Take for example a cladding board delivered during the summer months measuring 146mm in width with an 18% MC. In extreme circumstances (i.e. installed on a south facing wall exposed to summer sun) this board could lose 8% MC. Using the calculation of 0.25% for every 1% MC the potential shrinkage can be calculated as follows: 8 x (146mm x 0.25%) = 2.92mm, therefore the board could potentially shrink to 143.1mm in width during the summer months if it is exposed to a lot of sun.

Let’s now look at the same example but with the board delivered during the winter months. In extreme circumstances (i.e. installed on a north facing wall receiving little sun) this board could gain 4% MC. Using the same calculation of 0.25% for every 1% MC the potential swelling can be calculated as follows: 4 x (146mm x 0.25%) = 1.5mm, therefore the board could potentially swell to 147.5mm in width during the winter months if it receives very little sun.

Allowing for moisture movement

Dimensional changes due to moisture exchange in wood can lead to defects such as warping, checking or splitting that may compromise the performance of the wood piece or product. Hence, most of the challenges of using wood in architecture or engineering involve understanding the relationship between wood and moisture and the influence of moisture in wood properties.

Use kiln dried wood rather than air dried or ‘green’ wood

For most applications kiln dried wood is preferable to green or air dried wood. Any wood with a moisture content above the fibre saturation point is considered ‘green’. For successful air drying, a continuous and uniform flow of air throughout the stack of the timber needs to be arranged. The main disadvantage of air drying is that all pieces of a given stack of timber will not necessarily dry to the same moisture content. Boards on the inside of the stack may have completely different moisture content to those on the outside. In other words, when air drying timber you don’t have the same control that kiln drying offers.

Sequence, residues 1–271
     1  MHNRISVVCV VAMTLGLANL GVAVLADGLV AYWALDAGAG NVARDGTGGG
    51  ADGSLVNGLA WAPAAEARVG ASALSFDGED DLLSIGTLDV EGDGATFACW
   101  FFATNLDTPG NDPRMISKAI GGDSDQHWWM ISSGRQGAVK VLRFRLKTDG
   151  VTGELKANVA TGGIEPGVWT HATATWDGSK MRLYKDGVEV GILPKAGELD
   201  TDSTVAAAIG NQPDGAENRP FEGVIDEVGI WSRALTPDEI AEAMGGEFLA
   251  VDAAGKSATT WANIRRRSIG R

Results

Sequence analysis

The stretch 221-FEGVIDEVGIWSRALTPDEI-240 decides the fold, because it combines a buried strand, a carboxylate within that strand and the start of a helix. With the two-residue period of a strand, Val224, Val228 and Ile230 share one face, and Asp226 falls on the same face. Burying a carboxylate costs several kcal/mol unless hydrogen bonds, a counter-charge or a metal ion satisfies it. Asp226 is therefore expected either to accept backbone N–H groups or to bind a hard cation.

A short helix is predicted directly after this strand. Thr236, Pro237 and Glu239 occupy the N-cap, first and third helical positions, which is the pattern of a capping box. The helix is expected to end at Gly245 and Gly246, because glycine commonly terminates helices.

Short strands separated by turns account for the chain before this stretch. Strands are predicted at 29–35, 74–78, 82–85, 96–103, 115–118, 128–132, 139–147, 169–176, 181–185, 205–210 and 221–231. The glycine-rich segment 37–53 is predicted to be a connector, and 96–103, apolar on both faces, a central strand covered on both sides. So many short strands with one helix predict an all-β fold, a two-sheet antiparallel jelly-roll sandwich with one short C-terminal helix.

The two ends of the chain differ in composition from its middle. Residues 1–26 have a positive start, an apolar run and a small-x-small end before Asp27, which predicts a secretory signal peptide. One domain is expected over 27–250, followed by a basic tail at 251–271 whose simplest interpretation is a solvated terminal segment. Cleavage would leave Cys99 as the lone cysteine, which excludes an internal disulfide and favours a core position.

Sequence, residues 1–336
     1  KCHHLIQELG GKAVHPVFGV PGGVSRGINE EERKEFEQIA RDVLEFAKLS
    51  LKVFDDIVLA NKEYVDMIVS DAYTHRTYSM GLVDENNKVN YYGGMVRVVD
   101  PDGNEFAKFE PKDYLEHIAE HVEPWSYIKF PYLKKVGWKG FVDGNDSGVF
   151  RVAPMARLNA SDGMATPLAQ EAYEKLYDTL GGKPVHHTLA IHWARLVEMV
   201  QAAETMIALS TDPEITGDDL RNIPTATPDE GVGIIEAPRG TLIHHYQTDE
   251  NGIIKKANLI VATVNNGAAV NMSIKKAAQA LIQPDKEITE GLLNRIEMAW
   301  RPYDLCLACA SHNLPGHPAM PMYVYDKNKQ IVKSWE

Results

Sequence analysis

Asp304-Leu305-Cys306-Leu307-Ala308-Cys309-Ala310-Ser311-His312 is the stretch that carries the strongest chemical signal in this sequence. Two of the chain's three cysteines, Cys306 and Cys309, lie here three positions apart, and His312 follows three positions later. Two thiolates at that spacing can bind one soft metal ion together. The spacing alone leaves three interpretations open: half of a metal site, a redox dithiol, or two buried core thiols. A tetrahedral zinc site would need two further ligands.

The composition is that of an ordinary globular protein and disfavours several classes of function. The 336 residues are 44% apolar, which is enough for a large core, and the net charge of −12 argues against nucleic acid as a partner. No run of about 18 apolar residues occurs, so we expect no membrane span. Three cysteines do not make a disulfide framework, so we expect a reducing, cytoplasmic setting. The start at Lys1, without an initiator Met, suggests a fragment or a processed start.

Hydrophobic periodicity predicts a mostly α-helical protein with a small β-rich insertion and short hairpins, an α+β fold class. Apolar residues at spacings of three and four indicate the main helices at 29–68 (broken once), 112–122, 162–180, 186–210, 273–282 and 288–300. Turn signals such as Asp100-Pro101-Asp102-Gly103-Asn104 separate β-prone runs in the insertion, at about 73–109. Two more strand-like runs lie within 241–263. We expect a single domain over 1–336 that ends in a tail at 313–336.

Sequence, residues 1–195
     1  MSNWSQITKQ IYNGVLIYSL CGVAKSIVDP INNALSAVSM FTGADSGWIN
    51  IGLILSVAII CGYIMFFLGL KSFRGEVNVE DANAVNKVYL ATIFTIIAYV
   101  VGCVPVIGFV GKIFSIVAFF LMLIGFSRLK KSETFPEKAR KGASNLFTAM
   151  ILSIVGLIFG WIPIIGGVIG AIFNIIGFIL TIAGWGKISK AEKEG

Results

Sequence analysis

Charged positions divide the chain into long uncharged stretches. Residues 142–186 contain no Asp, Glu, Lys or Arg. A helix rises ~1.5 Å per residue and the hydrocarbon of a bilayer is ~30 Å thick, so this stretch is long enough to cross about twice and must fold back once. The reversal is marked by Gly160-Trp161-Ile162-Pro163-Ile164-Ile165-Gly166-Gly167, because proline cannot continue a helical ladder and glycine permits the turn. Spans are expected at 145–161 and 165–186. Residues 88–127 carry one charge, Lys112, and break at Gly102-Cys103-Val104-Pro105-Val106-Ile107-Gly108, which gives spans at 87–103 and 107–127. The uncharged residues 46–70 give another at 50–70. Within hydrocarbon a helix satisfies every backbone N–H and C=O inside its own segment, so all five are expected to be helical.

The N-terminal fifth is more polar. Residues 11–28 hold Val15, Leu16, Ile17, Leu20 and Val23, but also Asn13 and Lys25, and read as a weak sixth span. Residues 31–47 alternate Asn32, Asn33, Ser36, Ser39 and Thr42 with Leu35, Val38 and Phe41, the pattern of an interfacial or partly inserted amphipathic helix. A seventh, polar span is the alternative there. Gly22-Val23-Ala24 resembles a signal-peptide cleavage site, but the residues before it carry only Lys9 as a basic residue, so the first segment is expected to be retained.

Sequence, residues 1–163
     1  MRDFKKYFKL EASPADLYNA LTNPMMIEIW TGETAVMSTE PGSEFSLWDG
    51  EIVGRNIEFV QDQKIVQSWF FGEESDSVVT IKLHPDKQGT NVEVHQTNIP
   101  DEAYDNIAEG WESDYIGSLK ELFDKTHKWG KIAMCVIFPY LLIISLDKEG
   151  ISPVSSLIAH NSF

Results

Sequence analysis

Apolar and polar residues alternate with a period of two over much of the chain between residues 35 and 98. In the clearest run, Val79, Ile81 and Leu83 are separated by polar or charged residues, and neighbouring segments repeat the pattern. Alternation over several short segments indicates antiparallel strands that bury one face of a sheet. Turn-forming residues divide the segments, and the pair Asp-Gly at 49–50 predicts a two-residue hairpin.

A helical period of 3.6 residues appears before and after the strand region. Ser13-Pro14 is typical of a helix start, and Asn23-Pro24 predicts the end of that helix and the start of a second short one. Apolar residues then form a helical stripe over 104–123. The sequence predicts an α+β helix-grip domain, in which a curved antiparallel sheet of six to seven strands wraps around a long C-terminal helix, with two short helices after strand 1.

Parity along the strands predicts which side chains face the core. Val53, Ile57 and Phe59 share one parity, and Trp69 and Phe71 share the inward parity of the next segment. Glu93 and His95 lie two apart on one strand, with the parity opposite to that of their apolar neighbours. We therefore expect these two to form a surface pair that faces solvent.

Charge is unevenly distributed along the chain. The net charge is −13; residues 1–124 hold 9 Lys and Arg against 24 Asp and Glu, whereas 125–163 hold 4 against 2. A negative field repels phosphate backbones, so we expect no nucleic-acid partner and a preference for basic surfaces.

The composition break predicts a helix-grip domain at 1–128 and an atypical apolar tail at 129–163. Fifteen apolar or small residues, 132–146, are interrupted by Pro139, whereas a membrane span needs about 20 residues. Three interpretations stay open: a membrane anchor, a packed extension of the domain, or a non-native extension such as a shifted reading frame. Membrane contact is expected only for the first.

Modern drying kilns allow tight control of air flow, temperature and humidity so that all the timber dries uniformly and to the precise moisture content required. Kiln drying often means a more uniform product and the problems often associated with poorly air-dried timber are avoided.

Kiln dried wood also requires minimal acclimatisation as the overall moisture content of the entire shipment is usually much closer to the required equilibrium moisture on site.

Acclimatise the wood

An important step to reducing problems associated with moisture movement is to ensure that the moisture content of the boards when installed is as close as possible to the equilibrium moisture of the site using the information in the table below. To do this the installer should allow the boards to acclimatise before installation. The moisture content should be checked using a moisture meter.

Prior to installation the wood should be stored on site under a shelter stacked off the ground on bearers to allow air circulation. If stored in an open sided shelter it should be covered with a loose breathable sheet to protect from sun and rain.

Finish the wood on all sides prior to installation

Another crucial step that should always be taken to reduce problems caused by moisture movement is to apply a suitable finish to the wood. A breathable finish applied to all sides of the wood prior to installation will minimise and control moisture take up and release. This in turn will increase the woods dimensional stability thus reducing the extreme swelling and shrinkage that can cause warping, checking and splitting. Exterior finishes may take the form of natural wood toned penetrating stains that enhance the natural colour of the wood or semi-transparent and opaque stains in a wide range of colour tones. Even if a weathered grey appearance is desired, a product called Wood Sealer made by Sansin is designed to seal out excess moisture, enhance the wood’s dimensional stability and because it contains no pigments (and therefore offers little UV protection) will allow the wood to weather to a consistent silver grey.